How Much Does Silver Cost

The actual up to date price of silver is changing every second of the day. The current price at any given moment is known as the spot price. The spot price is the cost of one ounce of silver. Silver is always measured in individual ounces as a base price. If you want a 10 ounce bar, the cost would be equivalent to the spot price for one ounce x10. Unless you are buying a coin with a premium, the end price of silver will exactly match whatever the spot price is. Now, while you should be paying the current spot price, there are almost always some small additional fees associated with the purchase of silver. Buying silver from a brick and mortar store will cost you more than buying silver online, though, so it is always more cost effective to make your purchases online.

Added Costs for Silver Purchases

Though there are some extra costs for buying silver, from anyone, they are very small and will not break the bank. The fees that are charged for buying silver are the way that silver companies make their money. Silver companies, stores, or dealers do not make all of their money off of actually investing in the metal themselves, instead they look to make a little bit on each individual transaction. You might be able to locate some dealers who will sell their coins or silver at the exact spot price without any added costs, but these deals will be far and few between.

Brick and Mortar Store Fees vs. Online Fees

Physical silver dealers generally charge around 50 cents per ounce of silver or gold that they sell, though some stores use different fee structures than others. When you buy your bullion online, however, you will find that the cost is much much lower. Instead of paying a half dollar at your local store, you could buy silver online for only pennies on the dollar. The transaction fees are really quite minimal and are not going to put much of, if any, dent in the investment that you are making.

The Price of Silver is a Product of the Free Market

In the end, silver costs whatever the free market decides it should cost. If a country decides to sell off its reserves of silver and the American public gets news of this, expect silver to go up. Silver and other metals are the truest measure of supply and demand. The price and value of paper currency goes down on a regular basis, but this is because the supply is always increasing much faster than the demand can possibly match. Silver bullion, on the other hand, is not going to increase in supply.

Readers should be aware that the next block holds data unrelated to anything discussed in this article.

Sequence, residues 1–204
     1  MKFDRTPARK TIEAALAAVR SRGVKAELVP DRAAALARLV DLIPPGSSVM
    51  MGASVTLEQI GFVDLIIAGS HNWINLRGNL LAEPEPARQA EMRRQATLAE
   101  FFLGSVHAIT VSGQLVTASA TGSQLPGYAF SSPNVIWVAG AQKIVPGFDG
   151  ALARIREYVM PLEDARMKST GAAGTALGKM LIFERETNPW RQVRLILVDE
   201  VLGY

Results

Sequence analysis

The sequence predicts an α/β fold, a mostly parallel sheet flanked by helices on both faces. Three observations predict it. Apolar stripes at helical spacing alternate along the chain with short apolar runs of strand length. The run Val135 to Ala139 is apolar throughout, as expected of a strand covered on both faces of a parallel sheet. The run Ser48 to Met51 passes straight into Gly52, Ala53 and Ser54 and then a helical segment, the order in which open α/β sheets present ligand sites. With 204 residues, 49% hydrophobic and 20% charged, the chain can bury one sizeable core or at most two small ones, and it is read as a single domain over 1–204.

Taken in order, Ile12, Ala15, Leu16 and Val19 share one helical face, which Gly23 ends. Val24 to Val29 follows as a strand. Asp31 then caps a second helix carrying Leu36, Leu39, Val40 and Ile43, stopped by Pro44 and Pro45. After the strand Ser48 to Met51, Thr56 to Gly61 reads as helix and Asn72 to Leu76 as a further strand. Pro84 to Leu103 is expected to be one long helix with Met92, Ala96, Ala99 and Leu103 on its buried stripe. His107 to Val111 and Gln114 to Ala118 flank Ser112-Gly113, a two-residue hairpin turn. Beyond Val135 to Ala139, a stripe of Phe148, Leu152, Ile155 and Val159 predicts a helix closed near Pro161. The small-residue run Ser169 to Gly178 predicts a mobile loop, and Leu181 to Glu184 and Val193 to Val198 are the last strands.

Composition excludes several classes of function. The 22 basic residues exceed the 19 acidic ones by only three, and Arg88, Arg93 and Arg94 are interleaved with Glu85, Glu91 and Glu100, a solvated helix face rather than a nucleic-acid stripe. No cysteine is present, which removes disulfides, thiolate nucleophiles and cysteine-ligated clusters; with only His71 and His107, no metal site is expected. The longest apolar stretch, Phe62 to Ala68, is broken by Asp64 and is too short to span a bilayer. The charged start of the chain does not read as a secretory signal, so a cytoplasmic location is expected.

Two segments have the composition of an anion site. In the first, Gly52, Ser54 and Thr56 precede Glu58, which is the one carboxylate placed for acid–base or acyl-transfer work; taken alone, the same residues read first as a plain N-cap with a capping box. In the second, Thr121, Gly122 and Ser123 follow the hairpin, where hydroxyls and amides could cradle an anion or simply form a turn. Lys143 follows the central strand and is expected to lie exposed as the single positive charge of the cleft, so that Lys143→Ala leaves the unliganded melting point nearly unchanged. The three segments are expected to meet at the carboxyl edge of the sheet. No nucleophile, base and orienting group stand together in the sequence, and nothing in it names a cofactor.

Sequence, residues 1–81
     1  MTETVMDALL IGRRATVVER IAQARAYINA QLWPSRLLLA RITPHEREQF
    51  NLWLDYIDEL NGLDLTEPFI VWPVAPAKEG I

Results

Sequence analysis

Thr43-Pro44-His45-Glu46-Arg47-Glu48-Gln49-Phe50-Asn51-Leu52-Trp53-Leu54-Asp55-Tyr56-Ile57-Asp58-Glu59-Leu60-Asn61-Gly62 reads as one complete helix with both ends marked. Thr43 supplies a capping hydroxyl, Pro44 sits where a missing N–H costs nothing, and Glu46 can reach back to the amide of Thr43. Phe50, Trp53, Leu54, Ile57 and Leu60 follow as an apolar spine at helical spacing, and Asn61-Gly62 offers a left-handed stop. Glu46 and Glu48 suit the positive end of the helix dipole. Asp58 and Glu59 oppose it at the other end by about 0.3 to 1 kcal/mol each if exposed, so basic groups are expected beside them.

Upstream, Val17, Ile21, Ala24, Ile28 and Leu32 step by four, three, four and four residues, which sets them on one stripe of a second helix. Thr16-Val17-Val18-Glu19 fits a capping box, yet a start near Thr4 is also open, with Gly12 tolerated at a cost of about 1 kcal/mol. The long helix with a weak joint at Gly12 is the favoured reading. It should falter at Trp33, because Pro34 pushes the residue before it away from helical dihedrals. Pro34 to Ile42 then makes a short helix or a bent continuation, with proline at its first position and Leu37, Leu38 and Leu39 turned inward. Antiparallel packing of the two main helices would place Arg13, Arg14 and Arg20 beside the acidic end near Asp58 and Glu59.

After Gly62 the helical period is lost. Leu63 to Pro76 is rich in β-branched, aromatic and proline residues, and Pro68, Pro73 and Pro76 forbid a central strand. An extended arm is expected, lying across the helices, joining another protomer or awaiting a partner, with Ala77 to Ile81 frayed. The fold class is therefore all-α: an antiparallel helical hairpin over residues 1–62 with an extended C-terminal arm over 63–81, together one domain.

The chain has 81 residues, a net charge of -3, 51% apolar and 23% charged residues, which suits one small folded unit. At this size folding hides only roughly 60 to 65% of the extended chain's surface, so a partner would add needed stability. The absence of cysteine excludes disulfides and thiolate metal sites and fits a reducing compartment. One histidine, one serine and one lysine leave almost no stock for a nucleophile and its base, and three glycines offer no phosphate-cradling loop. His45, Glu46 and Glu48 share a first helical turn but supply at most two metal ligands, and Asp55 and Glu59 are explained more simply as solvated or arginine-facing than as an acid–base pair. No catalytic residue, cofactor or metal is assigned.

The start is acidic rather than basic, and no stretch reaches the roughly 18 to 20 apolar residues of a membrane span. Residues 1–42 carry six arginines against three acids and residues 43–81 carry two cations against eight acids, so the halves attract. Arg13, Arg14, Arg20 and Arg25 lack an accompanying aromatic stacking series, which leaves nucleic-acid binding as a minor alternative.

The amount of silver available today is the same amount of silver that is going to be available tomorrow and the next day. You won’t be able to find more silver in the world no matter how hard you look, it certainly is not going to grow, and you can’t make it yourself. The price of silver is always fluctuating, though it tends to always go up, and it is always based on how much of a desire there is for the metal. Don’t look at silver like a piece of clothing that can be reproduced when you are considering cost, instead think of silver as a precious gem that is very limited in quantities and availability. Silver is a truly rare investment and the price will always rise because the demand is always there to keep pushing it up.

Price Over Spot

Almost every piece of silver is going to cost more to the end consumer than spot. The reason for this is that sellers/dealers/websites need to be able to turn a profit on their sales. They make money by either buying scrap and refining it for resale, or they buy at a price over spot and sell if at a slightly higher price. Silver dealers are just like any other business in that they buy items at a certain price and sell them for a higher one.

While you are not going to be able to buy silver at spot (assuming you are looking for pure bars, rounds, or coins), you can achieve a discount on your orders if you are buying in bulk. This will send the cost down a fair amount if you are able to afford large orders. Another way to lower the cost of your silver is to use the cheapest payment methods. For example, bank wires will generally come along with a lower final price tag than credit card purchases.

The cost of silver is always going to vary based on dealer, the markets, what you are buying and many other factors. While there is never going to be a definite answer to this question, we hope that this guide served as an informational tool.

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